In 1883 Claude Monet and his family rented a house with a barn that doubled as a painting studio in Giverny. Years later, the garden's green bridge, waterlilies and irises have become engrained in our consciousness and our dreams. The New York Botanical Garden presents a tribute to the impressionist master and the foliage that inspired him with the upcoming multifaceted exhibition "Monet's Garden."
'Monet's Garden' will feature stunning recreations of the legendary Giverny gardens, including waterlilies that have been procured from the same source Monet used during his time painting them. The New York Botanical Garden greenhouse will present the gardens not all at once but as they evolve throughout the seasons. The garden will morph from irises and foxgloves in the summer to chrysanthemums and salvias in the fall.
Yet the gardens are far from the only Monet related beauty on display. The exhibition will also feature two original Monet paintings, one of which has never before been seen in the US. We will also be able to see rare Monet artifacts including rare photos and his paint-stained palette.
Finally, contemporary photographer Elizabeth Murray will present Monet's garden as it exists today. The classic photos are a different breed from the recent Giverny exhibition at The Hole, in which glam-rocker Kembra Pfahler dons sexy Frankenstein body paint and shook up the classic scenery. If you are feeling inspired, you are invited to download the Garden's iPhone app and create your own Impressionist photos using the Impressionist lens.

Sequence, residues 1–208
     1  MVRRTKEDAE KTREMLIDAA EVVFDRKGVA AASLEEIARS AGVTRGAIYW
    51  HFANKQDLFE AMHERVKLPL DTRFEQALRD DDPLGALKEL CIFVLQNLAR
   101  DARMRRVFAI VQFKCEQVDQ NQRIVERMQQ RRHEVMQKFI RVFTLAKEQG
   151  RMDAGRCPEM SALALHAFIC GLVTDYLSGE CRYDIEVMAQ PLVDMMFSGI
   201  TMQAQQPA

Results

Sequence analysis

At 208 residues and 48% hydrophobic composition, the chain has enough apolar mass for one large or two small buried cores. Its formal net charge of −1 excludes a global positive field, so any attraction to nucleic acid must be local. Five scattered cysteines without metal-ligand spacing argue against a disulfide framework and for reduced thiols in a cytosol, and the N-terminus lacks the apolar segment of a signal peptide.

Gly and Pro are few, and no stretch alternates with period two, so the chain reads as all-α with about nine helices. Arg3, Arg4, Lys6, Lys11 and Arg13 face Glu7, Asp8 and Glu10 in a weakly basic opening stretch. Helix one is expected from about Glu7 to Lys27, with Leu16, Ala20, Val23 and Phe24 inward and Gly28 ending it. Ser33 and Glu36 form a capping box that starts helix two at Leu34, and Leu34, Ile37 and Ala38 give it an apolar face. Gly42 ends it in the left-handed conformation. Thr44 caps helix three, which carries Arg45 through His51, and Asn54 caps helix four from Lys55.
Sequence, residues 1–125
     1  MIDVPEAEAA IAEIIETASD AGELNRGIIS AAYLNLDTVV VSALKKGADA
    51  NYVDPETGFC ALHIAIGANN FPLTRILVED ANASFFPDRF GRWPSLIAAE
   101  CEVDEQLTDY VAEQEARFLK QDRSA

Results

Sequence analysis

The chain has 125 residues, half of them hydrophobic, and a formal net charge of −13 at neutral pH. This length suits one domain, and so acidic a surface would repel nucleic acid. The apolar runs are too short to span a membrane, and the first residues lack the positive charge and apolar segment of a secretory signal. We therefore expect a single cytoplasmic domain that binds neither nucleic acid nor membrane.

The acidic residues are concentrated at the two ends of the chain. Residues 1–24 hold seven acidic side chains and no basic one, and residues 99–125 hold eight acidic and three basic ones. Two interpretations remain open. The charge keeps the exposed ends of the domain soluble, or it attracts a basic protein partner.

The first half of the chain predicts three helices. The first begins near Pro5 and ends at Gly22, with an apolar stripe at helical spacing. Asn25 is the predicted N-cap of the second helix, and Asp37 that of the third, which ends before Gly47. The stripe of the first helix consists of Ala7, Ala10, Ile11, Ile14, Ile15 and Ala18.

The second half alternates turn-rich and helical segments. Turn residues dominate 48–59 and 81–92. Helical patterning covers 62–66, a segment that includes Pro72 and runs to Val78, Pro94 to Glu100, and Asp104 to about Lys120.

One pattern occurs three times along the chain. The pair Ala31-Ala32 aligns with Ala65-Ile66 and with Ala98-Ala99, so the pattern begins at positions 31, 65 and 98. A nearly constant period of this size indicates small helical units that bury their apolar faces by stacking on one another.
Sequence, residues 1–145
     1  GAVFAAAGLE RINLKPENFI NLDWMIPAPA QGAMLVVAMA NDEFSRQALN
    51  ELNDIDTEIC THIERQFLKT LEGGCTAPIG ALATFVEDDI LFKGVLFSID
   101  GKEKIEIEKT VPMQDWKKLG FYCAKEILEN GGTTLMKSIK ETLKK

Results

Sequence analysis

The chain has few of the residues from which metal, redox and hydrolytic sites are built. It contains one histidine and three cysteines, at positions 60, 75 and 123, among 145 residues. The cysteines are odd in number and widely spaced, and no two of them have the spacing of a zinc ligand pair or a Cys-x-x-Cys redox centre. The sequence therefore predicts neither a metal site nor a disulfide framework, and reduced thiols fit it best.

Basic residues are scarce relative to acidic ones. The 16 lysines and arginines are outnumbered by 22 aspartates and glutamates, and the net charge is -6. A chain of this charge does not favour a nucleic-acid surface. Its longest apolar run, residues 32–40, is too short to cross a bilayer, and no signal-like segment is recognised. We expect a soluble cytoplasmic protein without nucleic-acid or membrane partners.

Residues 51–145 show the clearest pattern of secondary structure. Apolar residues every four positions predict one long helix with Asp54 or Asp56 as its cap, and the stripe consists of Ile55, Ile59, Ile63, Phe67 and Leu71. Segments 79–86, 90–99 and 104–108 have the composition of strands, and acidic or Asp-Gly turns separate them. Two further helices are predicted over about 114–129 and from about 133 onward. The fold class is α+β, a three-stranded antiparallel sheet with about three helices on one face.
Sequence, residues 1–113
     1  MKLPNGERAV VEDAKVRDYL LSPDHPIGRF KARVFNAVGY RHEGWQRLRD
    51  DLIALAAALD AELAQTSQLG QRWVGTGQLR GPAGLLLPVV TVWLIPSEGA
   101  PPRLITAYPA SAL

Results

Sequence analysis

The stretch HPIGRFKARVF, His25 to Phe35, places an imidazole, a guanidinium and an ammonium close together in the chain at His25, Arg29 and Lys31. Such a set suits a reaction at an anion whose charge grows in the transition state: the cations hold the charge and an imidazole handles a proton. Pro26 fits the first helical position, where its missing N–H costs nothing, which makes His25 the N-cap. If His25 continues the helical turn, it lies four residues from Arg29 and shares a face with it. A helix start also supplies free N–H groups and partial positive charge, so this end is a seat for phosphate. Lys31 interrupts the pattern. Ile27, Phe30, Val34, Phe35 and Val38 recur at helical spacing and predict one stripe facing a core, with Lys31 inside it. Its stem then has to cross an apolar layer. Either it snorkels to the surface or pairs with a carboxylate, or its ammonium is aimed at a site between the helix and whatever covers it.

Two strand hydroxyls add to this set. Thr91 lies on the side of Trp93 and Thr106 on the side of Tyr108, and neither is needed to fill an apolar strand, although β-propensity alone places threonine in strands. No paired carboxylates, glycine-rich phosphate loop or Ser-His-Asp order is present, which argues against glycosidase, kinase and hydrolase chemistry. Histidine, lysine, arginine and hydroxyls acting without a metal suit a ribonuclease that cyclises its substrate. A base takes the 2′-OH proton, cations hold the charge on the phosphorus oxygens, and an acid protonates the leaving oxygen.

In an era when shock-art and the avant garde rule the art world, we wonder how Monet's classical impressionist paintings will resonate with contemporary viewers. In his time Monet was dismissed by intellectuals for the accessibility of his images, and even today has been compared to recently deceased kitsch-master Thomas Kinkade. Yet there is a haunting life force that buzzes throughout Monet's landscapes that you just can't see when you encounter the irises via coffee mug or tote bag. You must approach a life-size Monet to see the way his weightless strokes of color melt easily into the light. As Jonathan Jones explained in the Guardian, "their nostalgia, elusiveness and delicacy speak to irrational parts of the mind. The reason his paintings give immediate pleasure is not that they are cheap entertainments but because they bypass the prosaic parts of our consciousness and reach us deep down."
From the archival treasures to accurate foliage we doubt New York will ever feel so much like 19th century Giverny. Catch the show from May 19th to October 21 at The New York Botanical Garden.
Do you think Monet lives up to the hype? What is your impression of Monet?
Water lilies on display during Monet's Garden in the Enid A. Haupt Conservatory of The New York Botanical Garden. Photo by Mark Pfeffer. Monet's Garden at The New York Botanical Garden is a seasonally changing exhibition of diverse plants, bold colors, and dramatic design inspired by Claude Monet's idyllic gardens in Giverny, France. As part of the multifaceted Garden-wide exhibition from May 19 through October 21, 2012, during the summer months, in the Conservatory Courtyard's Hardy Pool, the Garden's collection of water lilies will offer visitors the perfect opportunity to see firsthand the plants that Monet collected for his water garden and painted in his famous Nymphéas series,